Here, NG simply commit a category error fallacy. Rocks and plants are non-conscious entitites — embryos and fetuses are pre-conscious entities, and this difference matters. Rocks and plants are never conscious (in the way NG want them to be, which is difficult to assess since they never actually define what they mean by consciousness). However, human fetuses and embryos will be conscious — they are on a self-directed path of human development toward being presently conscious. This means that embryos and fetuses do not lack consciousness. In fact, they are conscious entities. They simply lack the necessary organs to be able to immediately exercise their capacity for consciousness. And this matters morally for rights because rights are inherent to us as human beings, and since all of the changes the embryo and fetus undergo are within its internal programming to undergo, none of these changes are substantial changes — in other words, none of these changes change the embryo or fetus from one thing into something else. It remains the same thing throughout all of its changes, a human being.

So as we can see, NG do not adequately make the case for why consciousness matters. In fact, they seem to assume that the person doesn’t even exist unless one is able to immediately exercise their consciousness. But they don’t argue for this, it is merely assumed, making their personhood case as question-begging as several of the arguments they reject. Perhaps they do argue for this elsewhere in their writings, but as it is germane to the case presented here, it should have been included here, as well.

I have argued that their arguments for the moral relevance of consciousness, awareness, etc., have not succeeded. As such, I will not address their points about why and when most abortions occur, as it’s not really relevant to the overall argument.

4. Bad Arguments

In this chapter, NG address several bad arguments. They begin by addressing question-begging arguments and I generally have no issues with this section. I do agree that the pro-life arguments they present beg the question by assuming the immorality of abortion; consequently, they are not arguments that I use.

NG then go on to address common “everyday” arguments, and these bear closer examination. First they address everyday pro-life arguments. Some of the arguments on this list were also on the question-begging list and others I have addressed in my comments above or in the previous part. So I will not address every argument exhaustively here.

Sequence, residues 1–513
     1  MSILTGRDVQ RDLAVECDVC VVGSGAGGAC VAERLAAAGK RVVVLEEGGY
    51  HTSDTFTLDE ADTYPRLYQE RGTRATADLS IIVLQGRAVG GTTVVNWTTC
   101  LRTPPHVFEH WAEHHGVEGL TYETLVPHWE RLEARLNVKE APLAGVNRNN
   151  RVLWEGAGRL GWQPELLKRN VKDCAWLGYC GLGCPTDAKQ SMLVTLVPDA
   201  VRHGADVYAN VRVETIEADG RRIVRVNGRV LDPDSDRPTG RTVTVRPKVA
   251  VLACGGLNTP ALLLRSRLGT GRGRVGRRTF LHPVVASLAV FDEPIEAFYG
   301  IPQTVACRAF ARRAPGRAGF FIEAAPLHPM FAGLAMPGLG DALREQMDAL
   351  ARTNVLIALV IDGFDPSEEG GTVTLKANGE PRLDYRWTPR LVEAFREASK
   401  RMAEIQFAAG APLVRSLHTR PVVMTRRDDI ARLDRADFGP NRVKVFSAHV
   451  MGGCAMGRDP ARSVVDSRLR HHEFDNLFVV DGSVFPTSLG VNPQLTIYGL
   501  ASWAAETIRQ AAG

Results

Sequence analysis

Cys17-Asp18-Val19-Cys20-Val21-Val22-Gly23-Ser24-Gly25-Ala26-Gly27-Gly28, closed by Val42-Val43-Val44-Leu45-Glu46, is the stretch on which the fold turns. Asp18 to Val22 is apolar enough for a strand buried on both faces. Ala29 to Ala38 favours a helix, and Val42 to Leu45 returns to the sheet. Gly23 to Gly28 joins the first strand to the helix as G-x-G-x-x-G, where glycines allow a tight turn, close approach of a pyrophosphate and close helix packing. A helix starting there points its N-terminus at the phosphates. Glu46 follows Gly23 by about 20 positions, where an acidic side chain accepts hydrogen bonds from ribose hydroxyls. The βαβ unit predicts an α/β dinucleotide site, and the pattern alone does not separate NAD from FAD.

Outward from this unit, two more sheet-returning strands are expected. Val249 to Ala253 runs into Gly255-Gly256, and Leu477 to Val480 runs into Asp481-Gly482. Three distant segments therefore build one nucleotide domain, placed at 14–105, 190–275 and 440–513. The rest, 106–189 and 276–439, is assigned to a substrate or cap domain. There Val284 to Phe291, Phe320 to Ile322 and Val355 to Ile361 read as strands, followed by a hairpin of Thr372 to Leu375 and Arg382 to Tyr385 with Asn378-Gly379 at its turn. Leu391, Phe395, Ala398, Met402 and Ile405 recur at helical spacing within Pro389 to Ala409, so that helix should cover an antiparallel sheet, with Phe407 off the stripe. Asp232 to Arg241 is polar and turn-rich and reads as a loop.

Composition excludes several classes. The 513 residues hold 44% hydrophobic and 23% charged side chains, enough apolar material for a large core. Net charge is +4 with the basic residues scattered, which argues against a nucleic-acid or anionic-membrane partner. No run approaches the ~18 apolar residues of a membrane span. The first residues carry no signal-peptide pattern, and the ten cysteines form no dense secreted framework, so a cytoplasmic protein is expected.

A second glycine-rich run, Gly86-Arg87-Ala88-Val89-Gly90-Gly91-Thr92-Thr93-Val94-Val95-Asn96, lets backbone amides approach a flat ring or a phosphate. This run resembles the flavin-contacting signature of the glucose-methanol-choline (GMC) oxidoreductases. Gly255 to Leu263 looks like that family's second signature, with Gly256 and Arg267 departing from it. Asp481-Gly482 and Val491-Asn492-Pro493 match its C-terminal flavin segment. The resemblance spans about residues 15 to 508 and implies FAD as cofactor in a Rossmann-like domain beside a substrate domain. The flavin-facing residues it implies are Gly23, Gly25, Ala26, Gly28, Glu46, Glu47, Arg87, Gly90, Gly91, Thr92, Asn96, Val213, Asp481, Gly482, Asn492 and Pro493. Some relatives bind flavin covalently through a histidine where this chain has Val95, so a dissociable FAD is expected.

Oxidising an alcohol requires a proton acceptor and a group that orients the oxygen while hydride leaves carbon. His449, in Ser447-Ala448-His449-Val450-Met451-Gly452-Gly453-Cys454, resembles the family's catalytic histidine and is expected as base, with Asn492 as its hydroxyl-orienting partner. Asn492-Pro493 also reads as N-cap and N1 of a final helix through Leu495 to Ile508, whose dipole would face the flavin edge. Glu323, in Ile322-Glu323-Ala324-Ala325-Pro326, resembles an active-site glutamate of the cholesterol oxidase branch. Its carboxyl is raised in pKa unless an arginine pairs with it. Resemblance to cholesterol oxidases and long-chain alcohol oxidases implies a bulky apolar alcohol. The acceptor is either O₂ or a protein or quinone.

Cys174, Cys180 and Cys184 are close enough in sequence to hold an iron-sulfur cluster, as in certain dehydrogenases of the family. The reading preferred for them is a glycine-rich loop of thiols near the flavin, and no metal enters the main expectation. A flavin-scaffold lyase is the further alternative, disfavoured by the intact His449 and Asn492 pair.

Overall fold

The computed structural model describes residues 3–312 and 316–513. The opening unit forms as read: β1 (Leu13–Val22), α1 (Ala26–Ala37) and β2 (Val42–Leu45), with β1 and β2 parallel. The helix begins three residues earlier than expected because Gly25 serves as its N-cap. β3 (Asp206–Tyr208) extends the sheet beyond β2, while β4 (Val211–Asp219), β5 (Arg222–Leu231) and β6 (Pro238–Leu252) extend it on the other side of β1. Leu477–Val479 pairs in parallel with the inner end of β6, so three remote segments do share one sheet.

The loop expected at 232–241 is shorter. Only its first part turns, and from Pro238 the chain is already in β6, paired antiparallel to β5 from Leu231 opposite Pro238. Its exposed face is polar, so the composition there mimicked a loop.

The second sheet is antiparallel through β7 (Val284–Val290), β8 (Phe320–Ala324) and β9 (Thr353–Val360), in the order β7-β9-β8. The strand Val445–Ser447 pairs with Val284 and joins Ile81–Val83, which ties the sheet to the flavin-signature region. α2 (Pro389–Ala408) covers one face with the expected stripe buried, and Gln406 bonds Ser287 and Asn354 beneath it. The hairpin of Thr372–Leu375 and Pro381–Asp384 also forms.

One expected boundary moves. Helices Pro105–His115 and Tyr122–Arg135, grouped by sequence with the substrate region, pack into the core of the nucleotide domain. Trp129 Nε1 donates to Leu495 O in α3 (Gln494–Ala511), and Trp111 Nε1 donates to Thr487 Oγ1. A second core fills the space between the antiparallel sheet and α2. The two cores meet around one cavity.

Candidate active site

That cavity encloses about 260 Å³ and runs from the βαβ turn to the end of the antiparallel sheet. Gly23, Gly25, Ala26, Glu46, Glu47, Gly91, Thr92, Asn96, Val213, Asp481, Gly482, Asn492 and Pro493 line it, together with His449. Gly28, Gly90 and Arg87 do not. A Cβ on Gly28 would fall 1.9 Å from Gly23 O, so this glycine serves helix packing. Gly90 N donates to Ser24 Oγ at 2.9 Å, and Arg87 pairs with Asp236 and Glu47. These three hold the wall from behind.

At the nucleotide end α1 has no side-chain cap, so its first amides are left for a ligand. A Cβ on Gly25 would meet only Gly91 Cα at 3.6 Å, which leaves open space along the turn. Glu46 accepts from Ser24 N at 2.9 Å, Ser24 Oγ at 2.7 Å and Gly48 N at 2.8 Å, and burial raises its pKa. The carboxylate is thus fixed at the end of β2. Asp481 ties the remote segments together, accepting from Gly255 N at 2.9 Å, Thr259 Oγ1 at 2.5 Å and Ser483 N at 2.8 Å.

Argument: Abortion ends a life. NG’s response here is true, as far as it goes. Many things are alive, like mold, bacteria, and mosquitoes. But these are things people generally don’t have a problem with killing. So not all acts of killing are wrong. But what NG fail to consider is that few pro-life people oppose abortion simply because it’s taking a life.[2] Saying that abortion takes a life is part of a cumulative case for the value of the unborn. It’s not simply that the unborn are alive, but that they are living members of the human species. So to address the argument “abortion ends a life” on its own terms is to misrepresent how the argument is usually understood by pro-life people. Therefore it should not be on the bad arguments list, as it is not usually used in the way NG alleges that it is.

So yes, fetuses are biologically alive, NG agree, but this fact, alone, does not grant value to the fetus. To be fair, though, NG do end the section by conceding that pro-life people might mean something more, like “morally significant life” or “life with rights,” but if that's what pro-life people mean then they should say it since we need to be clear and accurate on this issue. And to this I give wholehearted agreement but pro-life people are not the only ones to fall prey to unclear and/or inaccurate statements. I have engaged many pro-choice college students on college campuses, and even many college students have difficulty articulating why they think abortion is moral or should be legal. Hopefully books like NG’s will help to elevate the conversation.